Equall y at hom e wrestling snowcats across the ice, operationa l manager of the Automated Weather Net- makin g airborne magnetometer surveys of the African wor k (ATN), a pioneering worldwide computer net- continent, and shaping science policy in the corridors wor k that gathered weather data over the entire earth of Congress and in the Old Executive Office Build- an d moved it to a central point for analysis and fore- ing, Ostenso was also a shrewd student of the finan- casting. This system revolutionized weather data col- cial markets, an avid and knowledgable collector of lectio n and distribution. The AW N immediately be- art, and a devotee of symphonic music. Ned could dis- cam e a national resource, simultaneously providing cuss Mahle r and Bruckner with the same verve and this same database to the USAF , U.S. Navy, and the insigh t that he brought to Mahlma n and Broecker. U.S . Weather Bureau at unprecedented speeds. Rai n or shine, Ned Ostenso looked forward to ev- Fro m 1970 to 1971 he was the assistant director ery day and pronounced it "fa-a-antastic." H e repeat- of operations at the Air Force Global Weather Central, edl y scorned the use of "sesquipedalian language" but coordinatin g the weather support requirements of all develope d over the years his own unique lexicon, agencie s of the Department of Defens e plus the na- richly strewn with what his coworkers referred to as tiona l intelligence community. His next assignment at "nedisms, " and avidly noted and archived. In count- Offut t Ai r Force Base was as chief of analysis and less "rich discussions," with "peccable witnesses" he forecastin g at Global fro m 1971 to 1973, responsible woul d "opine" on the "Kabuki dance," "milling fo r all day-to-day weather forecasting for the air force aroun d smartly," "mutually orthogonal interests," and an d army. H e oversaw 270 people in seven work cen- preoccupatio n with "organization hygiene" that char- ters with a staff of 60 on duty 24 hours per day, seven acteriz e so muc h of government life. day s a week. This included forecasts for NASA' s space Ostens o is survived by his wife, Grace L. Ostenso program , computer flight plans for Air Force One, joint of Washington, D.C.; a sister, Mary Ellen, and her NAT O operations, targeting forecasts for the USAF's husban d Ralph Jondle of Wales, Wisconsin; a cousin, ICBMs , and the war in Vietnam. From 1973 until his Joh n Ostenso, and his wife Beverly of Washington, retiremen t in 1974, he was chief of Aerospace Sci- D.C. ; and a large complement of nieces and nephews. ences , Headquarters Strategic Air Command. Whil e it is easy to mis s Ostenso and lament his loss, A s a civilian, Sharp joine d Northern Natural Gas thos e of us wh o were privileged to kno w him equally Compan y in Omaha, Nebraska, as its corporate me- fee l his exhortation to "get over it," and get on with teorologist . In 1985 h e retire d fro m tha t compan y and th e rich celebration of life and continual acts of ser- founde d Vortex, Inc., Weathe r Consultants. He sold vice to our profession and to our colleagues. Ned, we Vorte x to th e Omah a NB C affiliate i n 1987 and served ar e moving forward.—William Hooke. a s its senior meteorologist until retiring and returning t o his roots in Pennsylvania, where he and his wife, Almira , could be closer to both of their families. John D. Sharp Jack' s list of interests and achievements is as di- 1929-199 7 vers e as it is long. It was at FS U in 1952 that he be- cam e National NCA A Champion on the swinging Joh n "Jack" D. Sharp, Col. (Ret.) U.S. Air Force (USAF) , bor n in Philadelphi a o n 19 Augus t 1929, died at hi s residenc e in Holland , Pennsylvania , on 27 Ma y 3 n ji/Lemjcmam Shar p graduate d fro m Th e Florid a State University (FSU ) wit h a B.S . in mathematic s in 1953. H e imme- diatel y went on to receive a B.S. in meteorology in 1954 fro m Th e Pennsylvani a State University . In 1962, whil e serving as an USA F weathe r officer , h e earned hi s M.S . degree in meteorolog y fro m FSU . WiMkmi & JLMm Hi s 21-year career in the Ai r Weathe r Service be- 1915-1997 ga n in 1953. Until 1965 he served as a forecaster, aerial weathe r observer, climatologist, and computer systems analys t in places as diverse as Alaska and Morocco. Fro m 1965 to 1970 h e was the principle architect and Bulletin of the American Meteorological Society 179 9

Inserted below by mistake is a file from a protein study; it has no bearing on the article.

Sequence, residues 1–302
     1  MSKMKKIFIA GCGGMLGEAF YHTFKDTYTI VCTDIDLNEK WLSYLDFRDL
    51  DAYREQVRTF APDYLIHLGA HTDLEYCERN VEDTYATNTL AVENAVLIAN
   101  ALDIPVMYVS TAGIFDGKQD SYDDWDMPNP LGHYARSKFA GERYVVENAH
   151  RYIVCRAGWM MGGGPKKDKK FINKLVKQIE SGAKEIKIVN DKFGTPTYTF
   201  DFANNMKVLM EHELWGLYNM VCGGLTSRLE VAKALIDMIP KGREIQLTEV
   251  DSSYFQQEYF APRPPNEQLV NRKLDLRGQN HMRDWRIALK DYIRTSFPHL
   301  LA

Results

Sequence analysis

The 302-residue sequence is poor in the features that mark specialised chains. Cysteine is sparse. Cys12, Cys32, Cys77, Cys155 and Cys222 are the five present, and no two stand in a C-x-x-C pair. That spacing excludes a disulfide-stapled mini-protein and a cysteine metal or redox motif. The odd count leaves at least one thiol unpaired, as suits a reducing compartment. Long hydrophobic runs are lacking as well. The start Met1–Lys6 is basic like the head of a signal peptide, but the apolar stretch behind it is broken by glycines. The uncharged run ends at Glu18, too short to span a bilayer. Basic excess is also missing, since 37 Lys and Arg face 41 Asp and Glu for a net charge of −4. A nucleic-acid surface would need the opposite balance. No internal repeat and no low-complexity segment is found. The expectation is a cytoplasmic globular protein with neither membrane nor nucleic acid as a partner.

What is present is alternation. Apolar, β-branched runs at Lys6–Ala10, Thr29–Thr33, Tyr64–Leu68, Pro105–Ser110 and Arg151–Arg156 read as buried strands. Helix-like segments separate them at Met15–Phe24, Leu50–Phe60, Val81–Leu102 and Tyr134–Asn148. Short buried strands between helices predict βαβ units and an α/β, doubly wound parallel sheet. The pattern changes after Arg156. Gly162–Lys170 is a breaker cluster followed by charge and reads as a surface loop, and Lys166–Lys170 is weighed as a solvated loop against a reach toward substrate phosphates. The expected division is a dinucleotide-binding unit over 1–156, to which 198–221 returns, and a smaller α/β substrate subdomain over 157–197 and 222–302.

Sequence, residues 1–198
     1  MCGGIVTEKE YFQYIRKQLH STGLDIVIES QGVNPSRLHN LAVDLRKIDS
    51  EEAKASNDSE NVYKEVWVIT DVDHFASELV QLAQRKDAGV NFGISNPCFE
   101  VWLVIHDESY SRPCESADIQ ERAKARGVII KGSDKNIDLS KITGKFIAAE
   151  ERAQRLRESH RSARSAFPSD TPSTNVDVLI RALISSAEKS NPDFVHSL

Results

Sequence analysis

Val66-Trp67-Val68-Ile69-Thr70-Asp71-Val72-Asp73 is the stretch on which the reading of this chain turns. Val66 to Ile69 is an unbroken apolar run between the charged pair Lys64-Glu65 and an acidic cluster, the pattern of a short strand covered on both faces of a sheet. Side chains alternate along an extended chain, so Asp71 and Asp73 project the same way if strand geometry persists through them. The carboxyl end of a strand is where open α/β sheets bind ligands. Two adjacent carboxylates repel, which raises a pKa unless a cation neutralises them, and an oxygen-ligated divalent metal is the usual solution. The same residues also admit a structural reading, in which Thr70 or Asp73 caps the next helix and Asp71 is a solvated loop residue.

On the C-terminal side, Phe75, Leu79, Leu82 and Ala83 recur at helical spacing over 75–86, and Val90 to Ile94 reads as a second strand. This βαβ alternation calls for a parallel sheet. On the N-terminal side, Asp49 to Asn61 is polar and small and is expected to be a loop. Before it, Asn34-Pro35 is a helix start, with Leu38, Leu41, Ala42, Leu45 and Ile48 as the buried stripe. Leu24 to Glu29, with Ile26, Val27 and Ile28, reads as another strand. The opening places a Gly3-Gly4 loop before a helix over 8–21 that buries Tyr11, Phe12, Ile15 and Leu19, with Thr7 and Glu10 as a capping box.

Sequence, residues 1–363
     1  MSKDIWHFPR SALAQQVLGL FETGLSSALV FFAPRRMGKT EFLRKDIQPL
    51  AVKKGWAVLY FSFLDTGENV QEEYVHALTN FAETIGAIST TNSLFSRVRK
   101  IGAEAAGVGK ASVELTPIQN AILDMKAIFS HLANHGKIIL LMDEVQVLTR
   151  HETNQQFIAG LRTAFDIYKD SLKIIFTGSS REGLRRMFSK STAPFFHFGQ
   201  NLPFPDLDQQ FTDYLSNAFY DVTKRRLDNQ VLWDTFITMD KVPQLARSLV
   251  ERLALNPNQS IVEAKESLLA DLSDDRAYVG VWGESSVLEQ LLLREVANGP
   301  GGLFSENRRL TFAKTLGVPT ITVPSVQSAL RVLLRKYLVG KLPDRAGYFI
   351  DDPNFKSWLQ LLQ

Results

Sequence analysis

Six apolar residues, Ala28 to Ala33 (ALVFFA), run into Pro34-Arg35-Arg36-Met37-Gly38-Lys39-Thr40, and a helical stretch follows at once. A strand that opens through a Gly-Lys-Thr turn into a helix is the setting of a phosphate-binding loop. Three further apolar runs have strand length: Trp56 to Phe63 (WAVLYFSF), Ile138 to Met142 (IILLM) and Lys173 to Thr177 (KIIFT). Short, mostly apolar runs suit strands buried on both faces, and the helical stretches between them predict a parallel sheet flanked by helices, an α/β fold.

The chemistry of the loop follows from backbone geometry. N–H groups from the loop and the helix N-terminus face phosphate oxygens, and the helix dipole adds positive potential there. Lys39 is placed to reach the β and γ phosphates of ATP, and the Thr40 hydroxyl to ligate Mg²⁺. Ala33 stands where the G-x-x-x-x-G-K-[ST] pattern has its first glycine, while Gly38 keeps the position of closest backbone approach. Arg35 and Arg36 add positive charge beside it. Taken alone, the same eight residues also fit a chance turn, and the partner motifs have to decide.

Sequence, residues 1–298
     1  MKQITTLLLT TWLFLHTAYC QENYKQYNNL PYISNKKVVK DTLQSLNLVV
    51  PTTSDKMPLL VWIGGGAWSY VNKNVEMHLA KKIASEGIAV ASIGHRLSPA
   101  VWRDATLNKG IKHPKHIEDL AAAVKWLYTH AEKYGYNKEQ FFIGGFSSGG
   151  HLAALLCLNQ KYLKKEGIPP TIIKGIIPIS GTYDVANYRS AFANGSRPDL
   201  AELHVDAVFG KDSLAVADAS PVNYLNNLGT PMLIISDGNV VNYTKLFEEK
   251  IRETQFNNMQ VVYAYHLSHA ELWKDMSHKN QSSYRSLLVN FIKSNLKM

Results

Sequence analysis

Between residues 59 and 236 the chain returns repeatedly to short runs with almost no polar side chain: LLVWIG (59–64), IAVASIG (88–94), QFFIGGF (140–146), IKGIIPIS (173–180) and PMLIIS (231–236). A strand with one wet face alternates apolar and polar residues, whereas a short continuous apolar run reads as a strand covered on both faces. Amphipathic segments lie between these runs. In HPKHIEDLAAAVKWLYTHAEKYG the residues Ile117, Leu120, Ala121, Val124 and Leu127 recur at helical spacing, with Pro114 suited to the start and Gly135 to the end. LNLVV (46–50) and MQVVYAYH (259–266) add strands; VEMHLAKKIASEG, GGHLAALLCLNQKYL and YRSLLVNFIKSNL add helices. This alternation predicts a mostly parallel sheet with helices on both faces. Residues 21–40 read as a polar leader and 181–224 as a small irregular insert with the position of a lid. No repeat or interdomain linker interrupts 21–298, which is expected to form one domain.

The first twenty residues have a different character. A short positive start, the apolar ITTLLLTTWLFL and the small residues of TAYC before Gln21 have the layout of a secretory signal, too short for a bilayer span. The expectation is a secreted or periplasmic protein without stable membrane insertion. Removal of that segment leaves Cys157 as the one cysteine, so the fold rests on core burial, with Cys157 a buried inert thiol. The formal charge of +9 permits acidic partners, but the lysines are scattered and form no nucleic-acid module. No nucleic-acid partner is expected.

Bulletin of the American Meteorological Society – American Meteorological Society
Published: Aug 1, 1997
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